What to pack for seeing cherry blossoms
Spring in Japan is like Spring in many other places: still cold and still rainy. But in my experience, Japan is even more persistent with its rain. For example, during our ~24 hours in Hirosaki, it rained every. single. minute. Our first day in Kyoto was also rain from start to end.
And when I say rain, I mean rain.
Rainboots. Just bring them. Not having proper shoes seriously affected how much I enjoyed being at the cherry blossom festival. Since it’s so cold and the rain is often heavy and uninterripted, my feet were soaking wet from heel to toe and I started worrying (melodramatically) about frostbite. I had even “weather-proofed” (ha!) my shoes before the trip. Next time, I will pack ankle-high rain boots. They’re a pain to pack around, but I can confidently say that I would’ve worn them for 1⁄5 of my whole trip. Spending 20% of your time with wet feet definitely makes hauling around rainboots worth the trouble.
Umbrellas. Plural. Although you can buy an umbrella almost everywhere, the prices are higher in train stations, and often you’ll step off the train in a new location where it’s started to rain. Be sure to check the diameter of the umbrella, as something may look like a good deal but then barely cover you.
Backpack rain cover (also for your day pack). Most backpacks for traveling and hiking come with a rain cover — be sure to bring it with you to cover your day bag as well. We ended up with some seriously soaked maps because the umbrella didn’t cover the backpack enough.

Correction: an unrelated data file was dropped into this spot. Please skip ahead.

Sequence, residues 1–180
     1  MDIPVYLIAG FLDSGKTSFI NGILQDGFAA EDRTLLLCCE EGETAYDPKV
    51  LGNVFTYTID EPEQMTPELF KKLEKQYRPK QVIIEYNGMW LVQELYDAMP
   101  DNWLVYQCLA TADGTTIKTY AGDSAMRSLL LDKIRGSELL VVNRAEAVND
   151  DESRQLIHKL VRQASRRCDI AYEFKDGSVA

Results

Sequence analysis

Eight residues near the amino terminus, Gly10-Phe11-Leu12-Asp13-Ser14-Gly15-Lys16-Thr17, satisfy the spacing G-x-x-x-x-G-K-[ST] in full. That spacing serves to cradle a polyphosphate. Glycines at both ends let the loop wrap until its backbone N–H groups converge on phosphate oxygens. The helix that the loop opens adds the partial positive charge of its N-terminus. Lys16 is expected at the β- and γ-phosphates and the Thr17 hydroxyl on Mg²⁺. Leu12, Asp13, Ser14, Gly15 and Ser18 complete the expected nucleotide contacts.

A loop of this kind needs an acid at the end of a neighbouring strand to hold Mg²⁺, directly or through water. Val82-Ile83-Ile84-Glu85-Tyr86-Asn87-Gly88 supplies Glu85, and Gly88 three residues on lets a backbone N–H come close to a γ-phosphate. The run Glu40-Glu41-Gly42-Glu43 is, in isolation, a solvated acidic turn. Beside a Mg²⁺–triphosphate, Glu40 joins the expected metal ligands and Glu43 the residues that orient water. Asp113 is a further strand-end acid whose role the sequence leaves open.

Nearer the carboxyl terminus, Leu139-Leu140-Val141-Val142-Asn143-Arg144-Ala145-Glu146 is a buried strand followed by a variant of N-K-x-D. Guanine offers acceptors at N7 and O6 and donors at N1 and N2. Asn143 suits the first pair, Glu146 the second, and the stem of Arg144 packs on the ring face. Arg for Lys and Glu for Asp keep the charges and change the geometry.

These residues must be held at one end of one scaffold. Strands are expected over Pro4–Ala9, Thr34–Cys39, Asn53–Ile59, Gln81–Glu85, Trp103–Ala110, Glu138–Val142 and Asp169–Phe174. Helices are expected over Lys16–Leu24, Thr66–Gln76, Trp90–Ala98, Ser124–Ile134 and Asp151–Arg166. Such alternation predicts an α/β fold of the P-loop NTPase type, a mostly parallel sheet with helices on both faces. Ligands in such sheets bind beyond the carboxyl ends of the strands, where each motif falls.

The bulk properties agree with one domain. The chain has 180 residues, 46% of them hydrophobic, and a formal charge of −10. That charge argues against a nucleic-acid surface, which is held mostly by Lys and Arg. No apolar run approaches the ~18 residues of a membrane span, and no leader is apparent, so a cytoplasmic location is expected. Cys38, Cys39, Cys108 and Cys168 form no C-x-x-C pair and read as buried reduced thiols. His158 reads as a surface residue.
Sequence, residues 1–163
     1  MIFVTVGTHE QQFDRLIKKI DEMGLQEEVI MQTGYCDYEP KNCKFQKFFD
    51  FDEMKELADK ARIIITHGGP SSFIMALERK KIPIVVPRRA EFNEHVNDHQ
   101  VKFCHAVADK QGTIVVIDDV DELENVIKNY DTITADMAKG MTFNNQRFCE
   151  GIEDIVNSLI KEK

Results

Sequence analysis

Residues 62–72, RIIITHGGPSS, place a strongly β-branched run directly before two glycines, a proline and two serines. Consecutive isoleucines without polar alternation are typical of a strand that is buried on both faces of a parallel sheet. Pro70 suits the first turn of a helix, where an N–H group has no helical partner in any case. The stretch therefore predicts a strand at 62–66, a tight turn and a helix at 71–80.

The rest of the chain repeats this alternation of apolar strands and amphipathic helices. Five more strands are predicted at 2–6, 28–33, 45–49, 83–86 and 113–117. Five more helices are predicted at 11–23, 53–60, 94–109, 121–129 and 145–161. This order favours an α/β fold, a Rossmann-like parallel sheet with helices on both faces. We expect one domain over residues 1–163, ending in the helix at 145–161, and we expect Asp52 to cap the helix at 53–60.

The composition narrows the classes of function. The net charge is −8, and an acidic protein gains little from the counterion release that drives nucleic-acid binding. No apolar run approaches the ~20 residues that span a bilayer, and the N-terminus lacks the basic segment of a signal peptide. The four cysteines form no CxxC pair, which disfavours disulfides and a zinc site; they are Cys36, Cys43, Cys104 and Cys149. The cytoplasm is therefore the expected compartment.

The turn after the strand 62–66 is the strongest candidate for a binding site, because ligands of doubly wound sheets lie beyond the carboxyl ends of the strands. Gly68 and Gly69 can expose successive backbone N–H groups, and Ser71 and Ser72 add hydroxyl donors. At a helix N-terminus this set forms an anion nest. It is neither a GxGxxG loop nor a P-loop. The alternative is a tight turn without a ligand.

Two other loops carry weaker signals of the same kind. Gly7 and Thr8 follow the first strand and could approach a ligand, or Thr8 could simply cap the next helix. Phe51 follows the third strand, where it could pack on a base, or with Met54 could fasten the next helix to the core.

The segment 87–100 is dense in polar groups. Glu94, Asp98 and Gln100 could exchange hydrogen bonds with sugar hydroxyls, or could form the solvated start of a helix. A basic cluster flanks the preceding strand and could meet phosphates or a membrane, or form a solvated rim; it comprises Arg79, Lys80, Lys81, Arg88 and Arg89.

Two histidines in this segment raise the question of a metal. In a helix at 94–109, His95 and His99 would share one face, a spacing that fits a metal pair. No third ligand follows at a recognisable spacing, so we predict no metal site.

Warm and water resistent clothing. The weather in Hirosaki in the northern part of Honshu was flirting with freezing at night. I was wearing Uniqlo’s HeatTech basically from head to foot, and I still wasn’t quite cozy (probably due to my aforementioned wet feet). In retrospect, I wish I had brought proper thermal leggings to wear under my pants.
Extra camera battery. Luckily I made this mistake before reaching Hirosaki, but a camera battery just doesn’t last as long in Japan as it does in other places — literally everything is picture-worthy. I took two-week trips around Europe on a single battery charge. In Japan, one charge lasted me about 2 1⁄2 days. Pick up an extra battery at one of Japan’s big electronics shops like BIC Camera or Yodobashi if you don’t have one.
Have you seen cherry blossoms in Japan?
Where and when did you go and what kinds did you see? Which do you think are the most beautiful blossoms? Or are you most interested in the feasting and sake part of Hanami :sakura: 😉 :sakura:
Disclaimer: I’m not an arborist – if any information I’ve provided is incorrect, let me know!